Endogamy and DNA Testing Tips

Diahan Southard

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How does your DNA testing company correct for endogamy on DNA matches? You should know about Ancestry’s algorithm; MyHeritage’s rule for Ashkenazi Jewish ancestry; and these tips for segment size and shared matches.

Endogamy is more than just a set of first cousins getting married. Endogamy is the practice of marrying within the same group of people for several generations. Endogamy can be the result of cultural preferences or geographic barriers. Some well-known endogamous populations include Jewish, French-Canadian and Acadian. (If you’re new to this concept, you may want to read this introduction to endogamy.)

Endogamy DNA Testing Jewish ancestry family tree history IO.pngGenetically, what this means is that instead of only sharing DNA with the relatively few people in the world with whom you share a recent common ancestor, you share DNA with hundreds of people who are a wider part of your population. This means that those from endogamous communities will often share more DNA with each other than we would expect given their relationship. This can make it tricky to understand how to interpret genetic relationships and apply DNA techniques in your situation.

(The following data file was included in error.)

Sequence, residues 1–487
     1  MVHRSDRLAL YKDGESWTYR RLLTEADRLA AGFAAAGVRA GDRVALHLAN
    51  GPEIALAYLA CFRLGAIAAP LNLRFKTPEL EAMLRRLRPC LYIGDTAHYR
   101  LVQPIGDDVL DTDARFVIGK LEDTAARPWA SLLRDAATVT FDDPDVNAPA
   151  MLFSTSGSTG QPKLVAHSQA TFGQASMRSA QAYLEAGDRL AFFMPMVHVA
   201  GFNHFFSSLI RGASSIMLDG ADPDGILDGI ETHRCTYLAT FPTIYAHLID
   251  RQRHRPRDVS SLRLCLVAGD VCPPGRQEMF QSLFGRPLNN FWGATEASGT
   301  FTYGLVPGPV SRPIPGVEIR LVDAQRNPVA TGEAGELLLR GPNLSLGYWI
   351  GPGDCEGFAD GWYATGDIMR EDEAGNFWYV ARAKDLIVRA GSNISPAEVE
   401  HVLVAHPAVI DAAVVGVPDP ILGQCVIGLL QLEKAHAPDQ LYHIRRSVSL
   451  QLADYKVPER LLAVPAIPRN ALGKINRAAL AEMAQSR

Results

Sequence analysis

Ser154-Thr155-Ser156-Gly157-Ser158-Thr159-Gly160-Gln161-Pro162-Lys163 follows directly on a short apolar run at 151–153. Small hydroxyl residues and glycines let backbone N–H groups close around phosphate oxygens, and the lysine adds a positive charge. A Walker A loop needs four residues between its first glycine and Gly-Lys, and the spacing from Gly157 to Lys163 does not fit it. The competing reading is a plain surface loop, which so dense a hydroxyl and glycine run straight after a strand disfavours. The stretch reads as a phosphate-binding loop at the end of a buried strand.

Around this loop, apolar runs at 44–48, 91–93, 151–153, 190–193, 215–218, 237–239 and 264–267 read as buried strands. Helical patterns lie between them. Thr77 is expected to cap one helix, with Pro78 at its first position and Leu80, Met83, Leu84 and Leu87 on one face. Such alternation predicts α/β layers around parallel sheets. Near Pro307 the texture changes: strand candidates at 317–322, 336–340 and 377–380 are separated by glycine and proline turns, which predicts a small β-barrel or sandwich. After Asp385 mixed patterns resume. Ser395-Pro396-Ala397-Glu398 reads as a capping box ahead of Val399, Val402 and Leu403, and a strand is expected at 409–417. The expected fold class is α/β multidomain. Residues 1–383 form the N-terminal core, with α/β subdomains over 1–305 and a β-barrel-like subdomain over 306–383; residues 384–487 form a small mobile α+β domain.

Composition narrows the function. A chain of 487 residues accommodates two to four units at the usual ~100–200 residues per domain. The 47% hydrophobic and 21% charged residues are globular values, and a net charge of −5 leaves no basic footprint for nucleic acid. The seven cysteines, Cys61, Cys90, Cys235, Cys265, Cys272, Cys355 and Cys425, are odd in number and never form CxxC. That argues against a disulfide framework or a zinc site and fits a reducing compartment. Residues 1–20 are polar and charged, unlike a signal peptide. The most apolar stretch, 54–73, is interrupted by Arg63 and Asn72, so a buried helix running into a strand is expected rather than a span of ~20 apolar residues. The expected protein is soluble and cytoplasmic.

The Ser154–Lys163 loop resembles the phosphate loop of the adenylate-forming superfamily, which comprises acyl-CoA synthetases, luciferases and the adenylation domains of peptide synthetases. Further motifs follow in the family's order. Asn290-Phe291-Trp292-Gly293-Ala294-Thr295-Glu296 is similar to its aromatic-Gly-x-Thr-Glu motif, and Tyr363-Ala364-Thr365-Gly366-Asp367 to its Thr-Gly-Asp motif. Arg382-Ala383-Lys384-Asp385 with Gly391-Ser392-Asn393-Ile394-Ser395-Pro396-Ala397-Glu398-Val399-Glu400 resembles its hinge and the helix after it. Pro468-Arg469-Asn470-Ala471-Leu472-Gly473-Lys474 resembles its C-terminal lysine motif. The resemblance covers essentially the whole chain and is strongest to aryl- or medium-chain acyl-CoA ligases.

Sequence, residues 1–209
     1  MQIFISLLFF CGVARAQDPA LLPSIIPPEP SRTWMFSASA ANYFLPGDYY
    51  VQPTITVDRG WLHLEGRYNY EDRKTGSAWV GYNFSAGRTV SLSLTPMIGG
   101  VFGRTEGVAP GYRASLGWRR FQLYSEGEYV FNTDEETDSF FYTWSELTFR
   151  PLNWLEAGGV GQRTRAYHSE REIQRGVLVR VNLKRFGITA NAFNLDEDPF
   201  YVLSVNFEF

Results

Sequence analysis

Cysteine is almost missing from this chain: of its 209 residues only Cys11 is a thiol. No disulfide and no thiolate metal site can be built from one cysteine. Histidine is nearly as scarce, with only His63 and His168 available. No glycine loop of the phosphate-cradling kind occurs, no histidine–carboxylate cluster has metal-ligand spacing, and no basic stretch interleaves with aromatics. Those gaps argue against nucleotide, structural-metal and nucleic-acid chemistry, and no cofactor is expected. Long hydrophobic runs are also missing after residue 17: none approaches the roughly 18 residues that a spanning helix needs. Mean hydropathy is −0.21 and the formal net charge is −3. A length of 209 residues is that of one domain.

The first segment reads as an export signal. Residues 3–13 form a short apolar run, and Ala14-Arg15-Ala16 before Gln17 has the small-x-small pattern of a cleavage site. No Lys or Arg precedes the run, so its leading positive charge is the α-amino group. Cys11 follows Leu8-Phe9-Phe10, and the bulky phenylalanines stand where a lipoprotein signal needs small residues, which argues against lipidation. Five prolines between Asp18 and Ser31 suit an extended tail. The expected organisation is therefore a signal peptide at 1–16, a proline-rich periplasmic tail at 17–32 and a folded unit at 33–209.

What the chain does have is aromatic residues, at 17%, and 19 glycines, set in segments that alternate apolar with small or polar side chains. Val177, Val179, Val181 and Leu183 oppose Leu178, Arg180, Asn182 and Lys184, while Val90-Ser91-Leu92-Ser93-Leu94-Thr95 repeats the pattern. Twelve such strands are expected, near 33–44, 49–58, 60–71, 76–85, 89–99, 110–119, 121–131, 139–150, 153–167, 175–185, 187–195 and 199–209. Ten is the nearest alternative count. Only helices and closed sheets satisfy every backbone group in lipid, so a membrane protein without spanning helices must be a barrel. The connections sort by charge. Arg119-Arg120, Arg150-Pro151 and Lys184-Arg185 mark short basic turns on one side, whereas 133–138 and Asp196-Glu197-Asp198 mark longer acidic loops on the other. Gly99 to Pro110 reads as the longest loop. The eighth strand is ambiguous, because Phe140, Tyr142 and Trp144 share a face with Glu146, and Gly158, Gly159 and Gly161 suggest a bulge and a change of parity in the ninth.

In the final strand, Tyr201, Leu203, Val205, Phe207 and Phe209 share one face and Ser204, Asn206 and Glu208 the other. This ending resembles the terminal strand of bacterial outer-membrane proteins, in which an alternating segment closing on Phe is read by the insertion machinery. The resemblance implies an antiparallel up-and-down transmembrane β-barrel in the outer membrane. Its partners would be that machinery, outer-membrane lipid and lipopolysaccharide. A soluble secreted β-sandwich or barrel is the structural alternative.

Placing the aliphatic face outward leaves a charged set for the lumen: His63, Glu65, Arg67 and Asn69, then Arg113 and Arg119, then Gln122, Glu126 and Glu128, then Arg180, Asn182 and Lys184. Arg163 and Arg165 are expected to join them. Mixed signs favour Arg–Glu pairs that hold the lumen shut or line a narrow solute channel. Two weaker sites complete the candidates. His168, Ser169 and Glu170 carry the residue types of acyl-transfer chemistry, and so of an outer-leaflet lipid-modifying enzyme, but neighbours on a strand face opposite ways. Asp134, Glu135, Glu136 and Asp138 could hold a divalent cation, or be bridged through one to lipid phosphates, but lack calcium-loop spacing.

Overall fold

3 Tips for Endogamy and DNA

Here are three keys to more successfully using DNA in researching your ancestor who belonged to an endogamous community.

1. Know how your DNA testing company handles endogamy.

Most of the time, the DNA you share with others in your community (simply because you are part of the community) is shared in relatively small pieces. We measure DNA in something called a centimorgan (cM). In general, pieces bigger than 20 cM are considered “real,” meaning they share DNA because of a shared recent common ancestor. Some companies are better than others and trying to differentiate between “real” and “fake” shared DNA before they present you with results.

AncestryDNA longest shared segment Timber algorithm 11.pngFor example, AncestryDNA applies something they call the Timber algorithm. Timber looks for small segments that are shared by lots of people. These segments are often “fake” matching segments, and so the algorithm downplays them. This means that even if you have endogamy, the amount of shared DNA you see at Ancestry won’t be inflated, but will stay within the normal range for each given relationship.

When MyHeritage DNA calculates matching, they have a special rule for those who have Ashkenazi Jewish ancestry showing up in their ethnicity results. They require a larger initial piece of DNA to be shared between two people who have at least 50% Ashkenazi Jewish ancestry before they are considered a true match. While helpful, it doesn’t go as far as Ancestry’s tool to reduce the amount of total shared DNA in the Jewish population, nor does it address other endogamous communities.

2. Looking at DNA segment size can be very helpful.